Gore Vidal 1925-
(Full name Eugene Luther Gore Vidal; has also written under pseudonym Edgar Box) American novelist, essayist, playwright, screenwriter, short story writer, and memoirist.
The following entry presents an overview of Vidal's career through 2000. For further information on his life and works, see CLC, Volumes 2, 4, 6, 8, 10, 22, 33, and 72.
An astute chronicler and audacious critic of American society, Vidal's idiosyncratic voice and persona have enlivened American intellectual life for decades. Highly regarded as a master essayist and historical novelist, Vidal is unsurpassed at the elegant but devastating put-down, witty in the way of Voltaire and Oscar Wilde. Indisputably he is considered an American original, born to wealth and privilege yet democratic to the core. The satirical Myra Breckenridge (1968), his series of “Narratives of Empire” novels, particularly Burr (1973) and Lincoln (1984), and his many volumes of essays explore every facet of political life and thought and American social mores in the last half of the twentieth century.
Born in West Point, New York, in 1925, Vidal spent his childhood and adolescence in the midst of powerful and influential people. His father Eugene Vidal, an instructor at the United States Military Academy, worked in the Roosevelt administration. With Amelia Earhart, he founded three airlines: Eastern, TWA, and Northeast. Vidal was fond of his father but felt deep resentment toward his mother, Nina Gore Vidal. Until he was ten years old, Vidal and his parents lived in Washington, D.C., with his grandfather Thomas P. Gore, a U.S. senator from Oklahoma. His grammar school education took place at St. Alban's, where he met the boy he considered the great love of his life, Jimmy Trimble, who was later killed at Iwo Jima during World War II. In 1935 his parents were divorced, and his mother married Hugh D. Auchincloss, the future stepfather of Jacqueline Kennedy. Vidal lived at Auchincloss's Potomac estate until 1941, when his mother and Auchincloss separated. Before Vidal graduated from Philips Exeter Academy in 1943, he shortened his first name to Gore in honor of his grandfather, the person most responsible for giving him a sense of family and stability. Senator Gore's political ideology significantly influenced Vidal; while a student at Philips Exeter, he ascribed to the America First philosophy of his grandfather and always considered himself a populist despite his patrician background. Vidal enlisted in the U.S. Army in July 1943 and trained as an engineer, ultimately serving as a warrant officer aboard a ship guarding the Aleutian Islands. From this experience came his first novel, Williwaw (1946), followed by In a Yellow Wood (1947), and The City and the Pillar (1948), which earned him notoriety for its description of homosexual love. Determined to earn his living as a writer, Vidal wrote several mysteries under a pseudonym and also began writing screenplays. In fact, Vidal played a prominent role in early television, adapting works or writing his own for classic dramatic series of the 1950s like Studio One. He also wrote the screenplays for several major motion pictures. In 1955 he was awarded the Edgar Allan Poe award from the Mystery Writers of America for television drama. Visit to a Small Planet (1957), a work written for television, was aired frequently for many years and later became a successful Broadway play. His screenplay The Best Man (1960) won the Cannes Critics Prize. Always interested in politics, Vidal was a Democratic Party candidate for Congress in New York in 1960 and ran for the Democratic nomination to the Senate in California in 1982. While he never won election to a political office, his writings reveal his ardent interest in the world of politics. His novel Creation (1981) won the Prix Deauville in 1983, and two volumes of his essays, The Second American Revolution and Other Essays (1982) and United States (1993) won, respectively, the National Book Critics Circle Award for criticism and the National Book Award for nonfiction. Vidal continues to write prolifically and still lectures and appears periodically on television and radio talk shows. He and his long-time companion, Harold Austen, reside in Ravello, Italy.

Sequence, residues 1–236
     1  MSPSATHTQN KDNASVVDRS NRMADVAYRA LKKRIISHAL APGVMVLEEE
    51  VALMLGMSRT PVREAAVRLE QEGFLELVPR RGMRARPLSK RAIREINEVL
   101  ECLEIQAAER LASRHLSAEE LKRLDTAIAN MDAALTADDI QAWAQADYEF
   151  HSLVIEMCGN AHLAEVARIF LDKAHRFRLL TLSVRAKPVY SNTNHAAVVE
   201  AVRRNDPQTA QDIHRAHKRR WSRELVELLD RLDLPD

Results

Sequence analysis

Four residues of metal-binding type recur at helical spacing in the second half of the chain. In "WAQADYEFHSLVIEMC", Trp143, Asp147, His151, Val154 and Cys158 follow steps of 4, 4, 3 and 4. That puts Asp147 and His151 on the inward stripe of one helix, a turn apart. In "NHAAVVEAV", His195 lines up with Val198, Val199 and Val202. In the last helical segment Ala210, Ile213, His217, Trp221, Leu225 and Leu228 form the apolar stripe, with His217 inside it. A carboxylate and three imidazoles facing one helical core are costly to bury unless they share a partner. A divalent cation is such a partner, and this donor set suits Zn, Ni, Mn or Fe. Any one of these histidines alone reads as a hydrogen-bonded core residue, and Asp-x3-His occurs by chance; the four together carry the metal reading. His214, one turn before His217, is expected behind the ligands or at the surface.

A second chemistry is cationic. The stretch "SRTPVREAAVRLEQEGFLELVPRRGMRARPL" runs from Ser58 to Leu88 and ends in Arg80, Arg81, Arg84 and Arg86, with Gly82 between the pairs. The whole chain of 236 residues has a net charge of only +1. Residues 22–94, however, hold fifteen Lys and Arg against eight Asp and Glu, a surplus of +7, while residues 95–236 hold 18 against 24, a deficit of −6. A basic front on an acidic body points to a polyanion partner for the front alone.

Vidal has produced important literary works for more than half a century, but the seven novels that comprise his “Narratives of Empire” series, formerly known as the “American Chronicle,” and his most recent novels and essays merit particular attention. Unlike writers who reflect personal transformation through their work, Vidal's themes and interests have remained remarkably consistent throughout his long career. Inculcated with a profound sense of noblesse oblige, Vidal exhibits the greatest sense of duty to the American Republic and wants to assure its existence, yet he paradoxically has no tolerance for people who do not share his views, and they are regularly disparaged in his writings. Though noted as a gay writer, his insistence on the existence only of sexual acts, not sexual identities, continues unchanged and can be detected in many of his works. This is particularly evident in Myra Breckenridge, an outrageous satire of gender identity and graphic sexuality that features a transsexual film buff. Vidal remains convinced of the evils that spring from monotheism and of the growth of a national security state that takes personal liberties away from individuals and interferes in the affairs of other countries to the detriment of all. Finally, in many of his works, Vidal devises an elegiac subtext for a rich literary culture that has been replaced by visual media and an obsession with celebrities and an attendant hollow lifestyle. Repeatedly, he announces the death of the novel and criticizes academic English departments for focusing on theories rather than on the words of the text.